So familiarity breeds contempt in prosperity and is a comfort in disparity.

I get that.

On the other hand I have had to sit through my share of domestic abuse dockets waiting to get a judge's signature on this or that.

The judges work crossword puzzles while women in slings or with eyes nearly swollen shut try to perjure their husbands out of county jail so that they can be at work on Monday.

It won't matter for all the wrong reasons.

If the DA doesn't prosecute and the Judge doesn't convict he will kill her next time and that will look bad next election cycle.

If this is happening every where already, all day every day, I shudder to think about what is coming.

Sorry to be a buzzkill.


In lighter news I have been enjoying the schadenfreude of watching my some of my ridiculously coddled over-privileged high school classmates being taken off of allowance.

It's 20 years too late, but their seventy something parents are looking at their ravaged portfolios and deciding that there is probably just enough to keep them in the style to which they should not have become accustomed for the next ten years.

Anyone want to buy a big boat or a slightly used luxury SUV?

The Bride has been filing the divorces for their spouses right and left as people are realizing that they were married to their in-laws the whole time and have been recently abandoned.

I remember the day The Bride discovered how much my parents were worth and immediately began asking questions about why I worked so hard.

I showed her a drawer in my mother's house that contained every rubber band from every newspaper mom had received since 1960.

"There it is." I said (That's what living through the depression looks like.....you want to try asking her if you can have some of her money?"


By Prometheus (not verified) on 19 May 2010 #permalink

Men "help" in their own house or to care for their own kids?
Its not about soloing but about basic responsibility - yours, mine or ours? If I "help" you it's your responsibility, not ours.

Thanks Sharon, definitely ROTFLMAO.
In a {slightly} more serious vein, I highly recomment Lois Bujolds "Sharing Knife" fantasy series. She's the only author I've encountered who addresses alternative methods of sexual pleasure without the overutilized "contraceptive herbs" so beloved of modern female Euro-American fantasy writers who, reasonably, but unrealistically, can't imagine a world without the convenience of "the pill". Of all the products of the technology of our time, I think that's the one I'll miss the most when it's gone. Of course, my wife should be done with menopause by then...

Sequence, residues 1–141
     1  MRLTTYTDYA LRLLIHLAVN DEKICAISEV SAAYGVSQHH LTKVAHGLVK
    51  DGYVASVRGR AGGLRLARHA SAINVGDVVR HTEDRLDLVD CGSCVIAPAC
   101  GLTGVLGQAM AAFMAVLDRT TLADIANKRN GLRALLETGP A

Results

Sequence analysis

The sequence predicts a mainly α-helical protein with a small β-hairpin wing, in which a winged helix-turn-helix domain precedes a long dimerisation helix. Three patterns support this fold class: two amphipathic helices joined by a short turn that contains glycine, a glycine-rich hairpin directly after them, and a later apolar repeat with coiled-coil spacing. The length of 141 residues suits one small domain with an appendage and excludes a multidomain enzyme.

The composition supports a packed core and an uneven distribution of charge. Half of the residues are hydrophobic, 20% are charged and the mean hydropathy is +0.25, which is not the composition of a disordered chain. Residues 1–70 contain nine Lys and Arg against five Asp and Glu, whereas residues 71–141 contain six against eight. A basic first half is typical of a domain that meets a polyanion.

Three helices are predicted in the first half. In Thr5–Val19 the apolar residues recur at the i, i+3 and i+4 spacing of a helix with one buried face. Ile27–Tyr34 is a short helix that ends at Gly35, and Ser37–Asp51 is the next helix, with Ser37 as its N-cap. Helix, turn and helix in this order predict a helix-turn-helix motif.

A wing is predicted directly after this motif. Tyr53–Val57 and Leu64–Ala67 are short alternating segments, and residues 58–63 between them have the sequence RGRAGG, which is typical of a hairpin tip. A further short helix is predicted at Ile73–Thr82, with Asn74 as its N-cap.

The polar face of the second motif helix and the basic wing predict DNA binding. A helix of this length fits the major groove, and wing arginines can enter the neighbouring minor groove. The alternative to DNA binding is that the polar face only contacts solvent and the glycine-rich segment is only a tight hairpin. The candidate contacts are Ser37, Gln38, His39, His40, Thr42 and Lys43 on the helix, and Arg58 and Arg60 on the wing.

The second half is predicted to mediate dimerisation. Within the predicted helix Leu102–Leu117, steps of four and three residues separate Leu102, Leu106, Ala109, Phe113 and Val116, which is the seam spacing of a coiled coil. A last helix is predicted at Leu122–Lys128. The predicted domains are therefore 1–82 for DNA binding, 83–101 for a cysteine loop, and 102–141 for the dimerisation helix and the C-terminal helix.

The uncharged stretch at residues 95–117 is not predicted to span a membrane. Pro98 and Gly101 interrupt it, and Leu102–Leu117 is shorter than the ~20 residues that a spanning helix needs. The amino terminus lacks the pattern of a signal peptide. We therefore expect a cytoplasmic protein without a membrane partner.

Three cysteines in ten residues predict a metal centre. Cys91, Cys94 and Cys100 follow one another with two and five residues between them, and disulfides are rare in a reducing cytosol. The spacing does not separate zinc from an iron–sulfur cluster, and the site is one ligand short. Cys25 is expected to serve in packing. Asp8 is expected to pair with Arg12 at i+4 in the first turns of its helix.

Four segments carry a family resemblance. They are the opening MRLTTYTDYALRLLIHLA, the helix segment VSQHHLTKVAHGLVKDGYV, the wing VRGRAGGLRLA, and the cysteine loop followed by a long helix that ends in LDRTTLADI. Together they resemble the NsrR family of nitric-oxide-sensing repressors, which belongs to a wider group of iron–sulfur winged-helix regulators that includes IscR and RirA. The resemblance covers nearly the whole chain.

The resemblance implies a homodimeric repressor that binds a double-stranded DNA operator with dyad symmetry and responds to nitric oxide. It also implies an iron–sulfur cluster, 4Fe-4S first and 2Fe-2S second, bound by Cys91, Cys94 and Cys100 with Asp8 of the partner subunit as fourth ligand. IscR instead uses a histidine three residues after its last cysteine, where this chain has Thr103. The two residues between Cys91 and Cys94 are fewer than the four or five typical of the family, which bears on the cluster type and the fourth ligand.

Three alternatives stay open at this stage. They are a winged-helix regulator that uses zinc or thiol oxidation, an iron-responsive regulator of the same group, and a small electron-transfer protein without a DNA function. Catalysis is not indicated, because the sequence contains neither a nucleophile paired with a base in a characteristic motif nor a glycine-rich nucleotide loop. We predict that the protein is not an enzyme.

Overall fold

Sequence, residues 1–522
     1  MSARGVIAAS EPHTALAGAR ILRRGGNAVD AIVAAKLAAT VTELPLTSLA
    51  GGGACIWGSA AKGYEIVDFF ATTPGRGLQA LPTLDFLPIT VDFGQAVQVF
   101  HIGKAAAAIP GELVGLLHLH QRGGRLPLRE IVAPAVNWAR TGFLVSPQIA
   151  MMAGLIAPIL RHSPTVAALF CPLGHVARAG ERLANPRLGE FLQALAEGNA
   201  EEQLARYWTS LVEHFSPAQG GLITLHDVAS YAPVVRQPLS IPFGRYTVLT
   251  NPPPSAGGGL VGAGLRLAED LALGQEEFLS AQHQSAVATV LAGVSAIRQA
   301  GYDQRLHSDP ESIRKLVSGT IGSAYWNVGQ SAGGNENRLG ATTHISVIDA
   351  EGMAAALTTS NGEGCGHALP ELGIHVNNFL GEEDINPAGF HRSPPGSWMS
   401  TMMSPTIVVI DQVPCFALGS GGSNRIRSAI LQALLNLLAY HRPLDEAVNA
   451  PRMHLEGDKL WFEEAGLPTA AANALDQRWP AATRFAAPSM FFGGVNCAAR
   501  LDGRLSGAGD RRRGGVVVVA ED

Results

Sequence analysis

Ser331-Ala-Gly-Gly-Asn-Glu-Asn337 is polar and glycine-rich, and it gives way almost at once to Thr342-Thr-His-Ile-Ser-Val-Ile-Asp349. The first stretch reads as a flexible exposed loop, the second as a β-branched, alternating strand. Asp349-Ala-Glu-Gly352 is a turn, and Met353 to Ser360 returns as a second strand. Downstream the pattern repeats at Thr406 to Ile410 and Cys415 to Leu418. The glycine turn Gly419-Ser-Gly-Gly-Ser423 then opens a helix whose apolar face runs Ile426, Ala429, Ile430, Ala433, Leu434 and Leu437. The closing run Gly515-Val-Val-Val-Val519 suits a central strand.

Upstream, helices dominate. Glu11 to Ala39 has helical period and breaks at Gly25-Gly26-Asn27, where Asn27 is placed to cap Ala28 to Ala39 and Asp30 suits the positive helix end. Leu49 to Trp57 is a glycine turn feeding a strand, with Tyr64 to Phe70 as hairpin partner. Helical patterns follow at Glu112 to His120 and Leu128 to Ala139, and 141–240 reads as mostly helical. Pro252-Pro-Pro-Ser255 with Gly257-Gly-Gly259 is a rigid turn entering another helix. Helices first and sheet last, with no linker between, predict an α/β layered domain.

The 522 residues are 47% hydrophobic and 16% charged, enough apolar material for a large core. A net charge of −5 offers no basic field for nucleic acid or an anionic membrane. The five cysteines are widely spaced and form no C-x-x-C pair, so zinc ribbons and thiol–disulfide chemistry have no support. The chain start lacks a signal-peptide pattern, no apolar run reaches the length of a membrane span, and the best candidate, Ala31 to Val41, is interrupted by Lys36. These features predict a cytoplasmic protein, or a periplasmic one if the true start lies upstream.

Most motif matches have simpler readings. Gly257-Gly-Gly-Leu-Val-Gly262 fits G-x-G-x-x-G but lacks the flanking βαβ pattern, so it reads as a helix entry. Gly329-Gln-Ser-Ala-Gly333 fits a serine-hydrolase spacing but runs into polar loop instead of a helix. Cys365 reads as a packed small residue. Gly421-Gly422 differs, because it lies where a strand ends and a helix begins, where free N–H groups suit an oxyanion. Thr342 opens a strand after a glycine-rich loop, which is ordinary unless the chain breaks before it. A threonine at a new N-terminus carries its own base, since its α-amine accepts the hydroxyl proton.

Hahahahahah it's true. We can't afford my razors anymore, but hubby says he loves his hairy wife. And I love him best when he's not cutting his hair for work every month.... dark, curly, sexy hair. :-)

I know he's used to it when I come home from the farmers market with a crate of something. And he's totally down with bulk toilet paper. :-)

I am trying to figure out what all this has to do with 41% of American babies being born out of wedlock.

By Jim Thomerson (not verified) on 19 May 2010 #permalink

Three conjectures.

1) Husbands helping with housework - because more married women made better choices of partners adaptable and engaged enough to include the home in their terms of self-definition.

2) The divorce rate is dropping because more couples are living together long term without a wedding. It keeps the lawyers out of it, and the courts.

3) With a good self image, you should be deliberately surrounding yourself with people of good character, respect, honor, and trustworthiness. You should be striving, regularly, to live up to good people's expectations. And you should make several very good, close friends of your own gender, before considering evaluating a partner-prospect. And don't date until you confirm, through networking and trusted friends, that he/she is a suitable prospect for partner and co-parent.

@Brad- I agree with your #2 conjecture, but after a couple has lived together for 6 months, aren't they considered common-law/defacto anyways? Then if they split up, the courts and lawyers would still be involved, right? That's my understanding, at least.